“Ignorance” thoughts

I was reading Ignorance this morning. I came across this quote by Emo Philips.

I used to think that the brain was the most wonderful organ in my body. Then I realized who was telling me this. – Emo Philips

I have been enjoying reading this little book. Some of the topics it discusses give me a visceral feeling of uneasiness, like can we really understand the brain, and can we know what the conditions were like at the beginning of time? And in astrophysics the farther you look the older you see. Or how different are the brains of humans and animals?

Stewart Firesteins writing coupled with my experiences in the lab this summer have given me food for though as to how we approach science, education, and asking questions about the world around us.

In the book review from the NY times it ends with Dr. Firestein’s advice,

To get a feel for how scientists really think, he offered this advice: Next time you meet a scientist — at a dinner party, at your child’s school, just by chance — don’t ask her to explain what she does. Ask her what she’s trying to figure out.

Emo Philips

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Comments
4 Responses to ““Ignorance” thoughts”
  1. Gauri says:

    Mr. Chopp, I’m glad you shared this. I’m an avid reader myself and I also enjoy thinking about philosophical aspects to science so I’ll be sure to pick this one up off the shelves before summer is over.
    Science is great because it gives us a confident and organized way of looking at the world, but there are always those questions that are so far from being answered that we must ponder about them until we reach conclusions of our own.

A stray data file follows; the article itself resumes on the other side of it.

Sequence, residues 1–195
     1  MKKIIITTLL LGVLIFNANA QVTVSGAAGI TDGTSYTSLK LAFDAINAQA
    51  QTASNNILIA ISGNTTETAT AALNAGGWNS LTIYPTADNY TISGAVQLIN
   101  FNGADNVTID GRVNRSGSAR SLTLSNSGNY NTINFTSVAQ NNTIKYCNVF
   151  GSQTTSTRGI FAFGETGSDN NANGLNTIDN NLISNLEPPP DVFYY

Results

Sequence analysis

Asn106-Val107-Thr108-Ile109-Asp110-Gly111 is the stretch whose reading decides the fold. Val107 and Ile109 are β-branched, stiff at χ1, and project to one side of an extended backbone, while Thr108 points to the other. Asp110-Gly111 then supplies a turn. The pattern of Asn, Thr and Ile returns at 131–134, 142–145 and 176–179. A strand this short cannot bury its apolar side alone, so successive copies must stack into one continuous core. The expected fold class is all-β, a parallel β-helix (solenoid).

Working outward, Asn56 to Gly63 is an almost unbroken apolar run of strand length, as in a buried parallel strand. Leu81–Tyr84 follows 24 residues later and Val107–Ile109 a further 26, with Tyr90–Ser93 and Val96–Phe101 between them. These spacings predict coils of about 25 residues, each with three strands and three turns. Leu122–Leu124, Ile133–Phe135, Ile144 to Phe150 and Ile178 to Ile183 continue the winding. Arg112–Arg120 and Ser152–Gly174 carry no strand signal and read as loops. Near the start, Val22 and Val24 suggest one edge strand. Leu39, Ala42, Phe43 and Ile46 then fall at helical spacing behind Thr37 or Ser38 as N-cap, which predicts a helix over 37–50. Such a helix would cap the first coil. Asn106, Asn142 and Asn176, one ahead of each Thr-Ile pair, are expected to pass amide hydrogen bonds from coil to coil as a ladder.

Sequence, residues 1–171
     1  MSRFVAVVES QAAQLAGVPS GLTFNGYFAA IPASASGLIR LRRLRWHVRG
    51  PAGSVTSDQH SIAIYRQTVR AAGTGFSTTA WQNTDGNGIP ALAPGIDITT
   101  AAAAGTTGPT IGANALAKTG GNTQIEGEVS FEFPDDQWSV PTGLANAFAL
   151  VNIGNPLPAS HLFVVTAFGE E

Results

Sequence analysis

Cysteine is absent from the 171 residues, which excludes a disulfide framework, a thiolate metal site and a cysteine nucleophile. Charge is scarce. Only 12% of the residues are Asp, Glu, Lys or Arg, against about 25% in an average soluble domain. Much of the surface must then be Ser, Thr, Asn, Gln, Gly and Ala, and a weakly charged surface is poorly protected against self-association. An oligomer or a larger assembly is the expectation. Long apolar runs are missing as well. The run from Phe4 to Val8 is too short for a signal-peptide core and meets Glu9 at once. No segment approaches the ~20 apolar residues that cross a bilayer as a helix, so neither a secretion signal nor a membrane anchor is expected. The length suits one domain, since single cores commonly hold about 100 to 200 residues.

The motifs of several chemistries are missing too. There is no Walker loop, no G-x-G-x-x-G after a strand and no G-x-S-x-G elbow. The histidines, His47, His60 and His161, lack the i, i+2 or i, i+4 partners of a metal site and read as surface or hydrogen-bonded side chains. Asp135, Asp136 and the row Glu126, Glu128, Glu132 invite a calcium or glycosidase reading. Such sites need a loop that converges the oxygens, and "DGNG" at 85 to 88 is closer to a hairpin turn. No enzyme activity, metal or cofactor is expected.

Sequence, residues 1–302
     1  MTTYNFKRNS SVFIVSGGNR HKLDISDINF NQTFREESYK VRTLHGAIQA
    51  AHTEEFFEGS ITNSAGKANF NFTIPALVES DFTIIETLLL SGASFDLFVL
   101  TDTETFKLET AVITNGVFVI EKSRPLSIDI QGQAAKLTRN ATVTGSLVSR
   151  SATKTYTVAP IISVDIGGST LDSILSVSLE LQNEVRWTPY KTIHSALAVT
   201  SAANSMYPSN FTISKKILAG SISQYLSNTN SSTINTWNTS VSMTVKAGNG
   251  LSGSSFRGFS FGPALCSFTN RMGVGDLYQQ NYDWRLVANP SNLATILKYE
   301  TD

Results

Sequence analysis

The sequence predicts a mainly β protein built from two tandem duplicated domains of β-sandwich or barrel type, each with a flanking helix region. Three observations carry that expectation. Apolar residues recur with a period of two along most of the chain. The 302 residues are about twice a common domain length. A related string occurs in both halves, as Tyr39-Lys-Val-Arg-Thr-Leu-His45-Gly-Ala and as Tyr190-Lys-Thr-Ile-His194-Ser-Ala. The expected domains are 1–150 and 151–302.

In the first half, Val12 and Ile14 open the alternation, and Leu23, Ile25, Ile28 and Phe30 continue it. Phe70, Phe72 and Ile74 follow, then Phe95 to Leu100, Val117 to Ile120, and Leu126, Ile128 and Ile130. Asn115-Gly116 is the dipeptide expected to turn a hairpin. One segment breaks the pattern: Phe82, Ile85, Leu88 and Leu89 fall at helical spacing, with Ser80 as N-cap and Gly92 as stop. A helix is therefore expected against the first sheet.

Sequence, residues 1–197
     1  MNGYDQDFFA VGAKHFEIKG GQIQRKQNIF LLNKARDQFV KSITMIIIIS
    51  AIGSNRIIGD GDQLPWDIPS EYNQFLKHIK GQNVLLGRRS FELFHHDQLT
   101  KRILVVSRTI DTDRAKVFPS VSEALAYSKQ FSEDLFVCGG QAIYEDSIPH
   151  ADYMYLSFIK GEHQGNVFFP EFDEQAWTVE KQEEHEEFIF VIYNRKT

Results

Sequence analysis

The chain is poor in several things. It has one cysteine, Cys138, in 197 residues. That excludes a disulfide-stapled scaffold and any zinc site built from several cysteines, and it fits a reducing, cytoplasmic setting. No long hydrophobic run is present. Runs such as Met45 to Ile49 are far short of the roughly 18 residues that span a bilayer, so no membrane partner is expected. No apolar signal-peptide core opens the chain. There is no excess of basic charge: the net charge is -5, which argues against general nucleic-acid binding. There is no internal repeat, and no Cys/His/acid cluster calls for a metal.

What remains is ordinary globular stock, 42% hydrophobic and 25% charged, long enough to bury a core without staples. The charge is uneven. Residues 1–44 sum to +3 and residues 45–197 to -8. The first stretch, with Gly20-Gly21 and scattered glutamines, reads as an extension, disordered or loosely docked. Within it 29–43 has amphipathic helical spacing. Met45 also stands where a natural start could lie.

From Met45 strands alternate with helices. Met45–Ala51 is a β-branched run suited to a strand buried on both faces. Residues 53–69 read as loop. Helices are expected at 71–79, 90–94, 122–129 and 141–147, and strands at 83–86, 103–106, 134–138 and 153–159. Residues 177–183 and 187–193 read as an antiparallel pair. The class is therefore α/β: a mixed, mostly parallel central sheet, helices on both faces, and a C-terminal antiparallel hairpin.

I’m excited to read Ignorance and hopefully have a discussion with you about the questions it provokes when the school year starts!

  2. Abhay Goel says:

    Mr. Chopp,
    I love questions like this. Last year especially, I was in two classes where I had the chance to discuss interesting questions with people; one was the current topics in science class at kamsc, and the other was an atyp english class. I always noticed that, as kamsc is a science facility, the questions always had to do with the brain, while the english students asked about the mind. I think looking at the philosophical aspects of science are often quite amazing.
    Also, the line you quoted reminded me of an interesting discussion. I’ve personally come to consider myself, and all other people as “brains” (or minds), while the body is simply used to catch a glimpse of the surroundings — such as our eyes’ ability to perceive certain wavelengths of light, which we call sight. This is just how I find it easiest to understand (philosophically?) so I’m interested in what you, and others, have to say on this.

    • Mr. Chopp says:

      Abhay,

      I agree that philosophical aspects of science are quite amazing. I like how you differentiate between central nervous system processing thoughts and making memories, and the peripheral nervous system receiving senses (sight, tough, hearing, pressure, heat, etc) and how this gives us a glimpse. They are connected most certainly. I find it fascinating to think about how our brain takes electrical and chemical signals and translates that into emotions, memories both fond and foul, and knowledge. We all have brains (some use them more than others) but can we ever fully understand them?

      Also in english the seat of emotions and passion is the heart. Similar contrast to brain vs mind. Or after an amazing sports game, we may describe a player playing with a lot of heart. In biology the heart is central to life, and circulation of blood carrying oxygen, carbon dioxide nutrients and waste. Not quite as romantic.

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